Women police bring equality cases
As a consequence of the allegation, Detective Superintendent Bill Grahamslaw, who works for the Plus Programme, is also named in one of three industrial tribunal cases which are being brought by female officers who claim they suffered sexual discrimination. A number of other senior officers are also named.
The allegation against Det Supt Grahamslaw relates to incidents - said not to be of a physical nature - which are claimed to have occurred during his period as head of the youth and community section for the Hackney area of east London, based at Stoke Newington police station.
Scotland Yard confirmed yesterday that an investigation into the allegations was being carried out. Such inquiries would automatically follow allegations of this type.
The matter is likely to further damage the image of the force at a time when it is desperately striving to reform.
The three actions, which are all being contested, raise questions about the commitment of both junior and senior officers to improve attitudes and the effectiveness of internal grievance procedures.
The discipline investigation follows a complaint lodged on behalf of the officer, Constable Julia Parish, by her MP.
PC Parish, now stationed in a different part of east London, declined to comment.
At the time PC Parish, 31, who joined the force in 1983, was working in plain clothes for the local child protection unit.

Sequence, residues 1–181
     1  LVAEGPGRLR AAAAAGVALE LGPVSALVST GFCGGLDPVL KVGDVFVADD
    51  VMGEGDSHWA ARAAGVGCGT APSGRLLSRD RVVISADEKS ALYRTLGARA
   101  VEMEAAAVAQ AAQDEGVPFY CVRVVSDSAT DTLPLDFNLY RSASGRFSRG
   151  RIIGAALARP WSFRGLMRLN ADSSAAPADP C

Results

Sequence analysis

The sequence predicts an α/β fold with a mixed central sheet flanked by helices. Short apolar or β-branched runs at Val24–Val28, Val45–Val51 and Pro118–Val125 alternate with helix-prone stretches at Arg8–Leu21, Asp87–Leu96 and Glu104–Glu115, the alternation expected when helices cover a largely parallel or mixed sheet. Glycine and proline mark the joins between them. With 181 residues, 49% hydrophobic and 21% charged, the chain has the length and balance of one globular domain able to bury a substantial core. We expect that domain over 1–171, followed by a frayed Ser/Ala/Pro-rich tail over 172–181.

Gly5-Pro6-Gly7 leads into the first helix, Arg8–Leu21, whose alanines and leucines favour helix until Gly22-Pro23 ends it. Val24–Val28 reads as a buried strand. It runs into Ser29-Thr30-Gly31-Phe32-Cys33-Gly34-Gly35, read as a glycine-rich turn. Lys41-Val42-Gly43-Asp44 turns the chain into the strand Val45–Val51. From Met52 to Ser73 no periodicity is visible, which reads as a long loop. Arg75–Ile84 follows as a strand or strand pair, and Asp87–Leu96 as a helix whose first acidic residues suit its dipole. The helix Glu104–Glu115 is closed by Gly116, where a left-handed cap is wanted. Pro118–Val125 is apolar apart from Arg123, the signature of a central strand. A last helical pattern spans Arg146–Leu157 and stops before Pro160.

PC Parish has lodged a separate sexual discrimination action, claiming that she received an adverse annual appraisal report, that her senior officers failed to respond adequately to her complaint about Mr Grahamslaw and that another senior officer suggested she should resign. A preliminary hearing is due to take place next week.
A second discrimination case involves Constable Sarah Locker, 31, an officer for 12 years who also worked in east London. PC Locker, who has a Turkish background, claims both sexual and race discrimination, saying she was repeatedly passed over for promotion to CID while 'less experienced' white male colleagues were given postings.
She claims that when she became pregnant senior officers implied that her condition would be a bar to promotion, and that when she returned to work afterwards she would have to resume uniform work from plain clothes duties.
A full hearing in the case is scheduled for next year. At a hearing this week, the Metropolitan Police is appealing against an order by the tribunal granting disclosure of documents to PC Locker's lawyers. The case is being funded by the Equal Opportunities Commission.
Constable Tracey Scanlon, who is based at Wimbledon, south- west London, is also bringing a similar action claiming she was passed over for promotion.
Other actions are said to be either being contemplated or have been lodged by women officers who claim that the reality of life in some parts of the force does not match the image-making.
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